Plot: An Arabian sailor named Sinbad (Pitt) is on a quest to find the Book of Peace, a mysterious artifact that Eris (Pfeiffer) has ultimately framed him for stealing. If he fails on this quest, his childhood friend Proteus (Fiennes) will take Sindbad's death penalty.
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- ...this animated film should stand up to multiple viewings, thanks in part to Michelle Pfeiffer's voicing of Eris, but the too-pat ending may get annoying.
If you’ve seen Antz, The Road to El Dorado (2000) or Shrek (2001), you already know that Dreamworks studio can produce a decent animated film – something to rival Disney in that area, actually. But, would they be able to strike gold a fourth time with their newest animated film, Sinbad: Legend of the Seven Seas, or would it just be another Prince of Egypt for them?
The character voices always play such a prominent role in animated films, as the right voice can make a movie soar (James Earl Jones as Mufasa in Disney’s The Lion King (1994), for example) or bring a movie crashing down (try picturing Sylvester Stallone as Woody Allen’s character in Antz, for instance. Yechh). The folks over at Dreamworks seem to keep this in mind while picking their characters, and continuously do a good job in the selection.
With Sinbad, they’ve gotten some big names too, what with Brad Pitt, Michelle Pfeiffer and Catherine Zeta-Jones all in the mix. Brad Pitt’s arrogant swagger comes through a lot in his voice, and is perfect for the posturing title character of this film. Catherine Zeta-Jones doesn’t fulfill her character’s voice as well, making it almost unrecognizable and not as tough as her character is shown in the film.
Michelle Pfeiffer picks up Catherine’s slack in the voice department, however, as the evil goddess Eris. Michelle seems to really give it everything’s she got for this role, and does an exceptional job making the bad guy (or girl, in this case) seem truly evil.
It’s not really that she tries to make Eris mean or nasty – that would be the easy way out. Instead, she tries to make her seem so above any of these humans she is dealing with that even when the humans think they are winning, the devil-may-care attitude of Eris makes the situation seem hopeless anyway.
The plot follows, shakily, along with the Sinbad fables we’ve all heard so much about. Sinbad does throw in enough of their own storyline to make the story new, but they don’t stray too much from Sinbad as the character we know.
This is a built-in attention getter, since the audience already knows of Sinbad, and movies use this countless times to woo an audience (Just look at sequels for example. The viewers don’t go to the movie because it looks unique, they go to it because they want to see further exploits of characters they already know).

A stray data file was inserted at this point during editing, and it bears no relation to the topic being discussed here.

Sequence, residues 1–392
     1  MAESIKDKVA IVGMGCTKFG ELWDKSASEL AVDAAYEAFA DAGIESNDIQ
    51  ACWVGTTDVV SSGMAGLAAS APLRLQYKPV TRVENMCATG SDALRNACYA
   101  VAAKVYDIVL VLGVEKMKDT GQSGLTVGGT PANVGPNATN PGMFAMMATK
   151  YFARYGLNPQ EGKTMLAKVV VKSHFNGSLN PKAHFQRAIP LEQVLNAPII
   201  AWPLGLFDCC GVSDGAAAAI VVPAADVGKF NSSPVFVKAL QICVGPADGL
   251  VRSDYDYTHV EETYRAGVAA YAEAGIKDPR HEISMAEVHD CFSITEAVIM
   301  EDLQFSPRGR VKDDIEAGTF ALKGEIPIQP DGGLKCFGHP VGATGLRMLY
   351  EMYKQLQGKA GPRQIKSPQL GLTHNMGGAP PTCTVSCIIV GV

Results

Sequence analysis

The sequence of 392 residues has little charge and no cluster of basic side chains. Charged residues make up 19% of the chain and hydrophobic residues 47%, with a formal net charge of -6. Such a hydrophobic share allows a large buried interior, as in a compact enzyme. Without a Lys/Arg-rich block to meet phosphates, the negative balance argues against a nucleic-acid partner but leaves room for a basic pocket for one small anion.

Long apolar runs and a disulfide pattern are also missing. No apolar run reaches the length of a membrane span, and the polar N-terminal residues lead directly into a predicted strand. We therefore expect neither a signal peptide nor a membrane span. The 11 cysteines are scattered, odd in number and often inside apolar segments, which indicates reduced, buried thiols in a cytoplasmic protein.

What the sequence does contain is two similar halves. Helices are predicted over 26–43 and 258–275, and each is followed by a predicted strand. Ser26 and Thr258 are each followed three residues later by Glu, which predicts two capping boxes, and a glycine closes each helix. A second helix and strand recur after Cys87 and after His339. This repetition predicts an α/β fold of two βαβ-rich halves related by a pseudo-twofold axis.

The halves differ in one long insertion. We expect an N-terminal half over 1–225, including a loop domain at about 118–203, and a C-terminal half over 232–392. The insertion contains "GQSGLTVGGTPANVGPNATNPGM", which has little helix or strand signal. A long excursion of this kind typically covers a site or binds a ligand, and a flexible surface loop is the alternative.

Unfortunately though, the movie eventually boils down to just plain arrogance. Both the hero and the villain are incredibly arrogant, and it’s more of a battle to see who’s king of the hill, and everything else is secondary.
Because of Michelle Pfeiffer’s great voice performance, this battle is over as soon as it begins, but Hollywood has to throw in it’s pat happy ending formula and make the hero victorious in the end. Ah well – such is the fate of a Hollywood film.
A great deal of the film is done with computer animation, rather than the standard hand-drawn formula Disney has made so popular over the years. While even Disney is now drifting towards using some computer animation in their films, they are still trying to keep the hand-drawn formula in the forefront.
Dreamworks seems to be going the other route, putting the computer animation in the forefront, and backing it up with the hand-drawn cels. It’s spectacular to see some of the scenes they are able to create with computer animation in Sinbad, but they need to decide which way they are going to go.
Are they going to keep hand-drawn cels in the majority and compete with Disney, or go full computer animated, and take on Pixar? It seems they are trying to fight for the middleground, and not compete with either. They’ll have to eventually, and it’ll be interesting to see which way they decide to go.
So, is Sinbad: Legend of the Seven Seas worth the couple of bucks to go rent it? Without even looking at the rest of the film, Michelle Pfeiffer’s voicing of Eris is enough to rent it.
Is it worth buying – in other words, will it hold up to multiple viewings? I’d say yes, although the too pat ending may get a little annoying after awhile.
Go check it out for yourself today – and see why Sinbad: Legend of the Seven Seas is a fourth weapon in Dreamworks fledgling animation arsenal.
But don’t let your egos swell too much, Dreamworks – you’ve still got a ways to go to beat animation giants Disney and Pixar.